The Surat court on Thursday rejected Congress leader Rahul Gandhi’s plea for stay on conviction in a defamation case that saw him being disqualified as Lok Sabha Member of Parliament by observing he should have been “more careful with his words” since he was an MP and the then president of the country’s second-largest political party.
The court of additional session judge Robin P Mogera rejected Rahul’s application filed for relief pending his appeal against a lower court’s order sentencing him to two years in jail in a 2019 defamation case over his “Modi surname” remark.
It said a “high standard of morality” is expected from a person like the appellant, adding that the trial court had imposed a sentence which was permissible in law.
On March 23, a surat court here sentenced Rahul Gandhi to two years in jail after convicting him under sections 499 and 500 of the Indian Penal Code for criminal defamation in the case filed by BJP MLA Purnesh Modi.
A day later, Rahul Gandhi, who was elected to the Lok Sabha from Wayanad in Kerala in 2019, was disqualified under provisions of the Representation of the People Act.
In its order on Thursday, the additional sessions court also observed that Gandhi’s removal or disqualification as MP under section 8(3) of the Representation of the People Act, 1951 “cannot be termed as irreversible or irreparable loss or damage.”
“Any defamatory words coming from the mouth of appellant are sufficient enough to cause mental agony to an aggrieved person,” the court of additional sessions judge RP Mogera said in its order. By uttering defamatory words and comparing persons having ‘Modi’ surname with thieves “would definitely have caused mental agony and harm the reputation of complainant Purnesh Modi, who is socially active and dealing in public,” the court said. Modi, a Member of Legislative Assembly (MLA) of the ruling Bharatiya Janata Party from Surat West, had filed a complaint against Gandhi under sections 499 and 500 of the Indian Penal Code for criminal defamation over his “How come all thieves have Modi surname?” remark, which was made during an election rally at Kolar in Karnataka on April 13, 2019.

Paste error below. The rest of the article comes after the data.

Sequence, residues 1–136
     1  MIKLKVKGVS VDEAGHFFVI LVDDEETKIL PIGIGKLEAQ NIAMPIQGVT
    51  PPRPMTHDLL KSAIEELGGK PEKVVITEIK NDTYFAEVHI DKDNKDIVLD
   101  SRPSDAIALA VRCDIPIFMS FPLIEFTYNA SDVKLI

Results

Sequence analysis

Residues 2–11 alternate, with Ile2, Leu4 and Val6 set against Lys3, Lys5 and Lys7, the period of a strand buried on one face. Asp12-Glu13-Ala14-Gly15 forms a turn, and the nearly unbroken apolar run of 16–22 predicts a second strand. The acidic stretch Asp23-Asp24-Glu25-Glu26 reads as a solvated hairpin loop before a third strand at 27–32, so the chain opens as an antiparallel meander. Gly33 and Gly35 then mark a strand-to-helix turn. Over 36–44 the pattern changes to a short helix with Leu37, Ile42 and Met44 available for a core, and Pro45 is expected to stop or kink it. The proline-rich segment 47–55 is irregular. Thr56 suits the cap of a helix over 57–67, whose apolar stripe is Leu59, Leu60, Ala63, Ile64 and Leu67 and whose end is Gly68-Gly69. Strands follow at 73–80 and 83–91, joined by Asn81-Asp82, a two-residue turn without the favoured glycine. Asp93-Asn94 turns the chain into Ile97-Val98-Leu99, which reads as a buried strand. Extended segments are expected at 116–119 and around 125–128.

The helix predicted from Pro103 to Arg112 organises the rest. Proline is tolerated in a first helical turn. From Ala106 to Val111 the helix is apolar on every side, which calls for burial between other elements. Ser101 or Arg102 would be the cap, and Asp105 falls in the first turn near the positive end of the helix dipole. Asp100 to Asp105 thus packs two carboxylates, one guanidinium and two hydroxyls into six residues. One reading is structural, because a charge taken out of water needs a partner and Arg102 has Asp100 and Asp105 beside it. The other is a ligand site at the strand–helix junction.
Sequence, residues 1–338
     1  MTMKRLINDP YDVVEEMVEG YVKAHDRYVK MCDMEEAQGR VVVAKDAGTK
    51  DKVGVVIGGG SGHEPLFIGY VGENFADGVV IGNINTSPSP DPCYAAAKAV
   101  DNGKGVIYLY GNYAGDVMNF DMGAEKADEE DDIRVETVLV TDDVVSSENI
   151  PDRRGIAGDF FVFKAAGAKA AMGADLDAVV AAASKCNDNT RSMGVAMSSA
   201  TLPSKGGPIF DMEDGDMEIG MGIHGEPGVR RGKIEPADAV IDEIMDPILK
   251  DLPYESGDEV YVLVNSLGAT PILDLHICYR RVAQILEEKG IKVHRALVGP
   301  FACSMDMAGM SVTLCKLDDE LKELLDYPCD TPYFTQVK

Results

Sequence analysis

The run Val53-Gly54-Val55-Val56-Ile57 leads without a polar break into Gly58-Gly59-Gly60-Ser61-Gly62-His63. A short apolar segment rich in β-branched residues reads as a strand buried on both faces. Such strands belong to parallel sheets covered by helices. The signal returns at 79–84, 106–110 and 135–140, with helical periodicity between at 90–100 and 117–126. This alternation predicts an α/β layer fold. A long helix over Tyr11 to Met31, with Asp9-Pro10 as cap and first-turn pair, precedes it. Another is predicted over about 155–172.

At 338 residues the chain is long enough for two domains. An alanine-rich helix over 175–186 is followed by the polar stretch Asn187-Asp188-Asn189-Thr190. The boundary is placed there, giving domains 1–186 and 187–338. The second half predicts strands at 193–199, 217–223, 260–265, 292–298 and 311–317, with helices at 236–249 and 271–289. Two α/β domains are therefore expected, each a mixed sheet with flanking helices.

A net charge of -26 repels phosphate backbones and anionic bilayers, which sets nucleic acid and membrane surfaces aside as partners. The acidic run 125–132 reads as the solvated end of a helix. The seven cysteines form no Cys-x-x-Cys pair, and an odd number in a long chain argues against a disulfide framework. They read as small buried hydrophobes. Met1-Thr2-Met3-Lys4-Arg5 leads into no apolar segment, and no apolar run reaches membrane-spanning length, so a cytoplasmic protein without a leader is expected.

“It is not a disputed fact that the appellant was the Member of Parliament and president of the second largest political party, and looking at such stature of appellant, he should have been more careful with his words, which would have a large impact on the mind of people,” the court stated.
The court said the counsel for the appellant had failed to demonstrate that the denial of an opportunity to him to contest the election by not staying his conviction will cause him “irreversible and irrevocable damage.”
It also rejected the argument of Gandhi’s counsel that there cannot be defamation against a community as such.
“Community as such may not have a reputation, but the reputation will only be of individual members. When the defamatory matter affects each and every member of an ascertainable class or group, each of them or all of them could set the law in motion,” it said.
Looking at the prima facie evidence and observations made by the trial court, it transpires Gandhi had made certain derogatory remarks against Prime Minister Narendra Modi in general public and further compared the persons having ‘Modi’ surname with thieves, the court observed. Moreover, the complainant is an ex-minister and involved in public life and such defamatory remarks would have certainly harmed his reputation and caused him pain and agony in society, the court added.
The objection made by the appellant with regard to the trial being vitiated due to lack of territorial jurisdiction cannot be accepted at this stage, the additional sessions court judge said. Gandhi’s lawyer Kirit Panwala said the sessions court’s order will be challenged in Gujarat High Court. In his submission, Gandhi had said if the March 23 judgment of the trial court is not suspended and stayed, it will cause irreparable damage to his reputation.
Gandhi had said the excessive sentence is contrary to the law on the subject and unwarranted in the present case which has overriding political overtones. Gandhi had termed his conviction as “harsh”, “erroneous” and “patently perverse” and said the trial court treated him harshly after being overwhelmingly influenced by his status as an MP.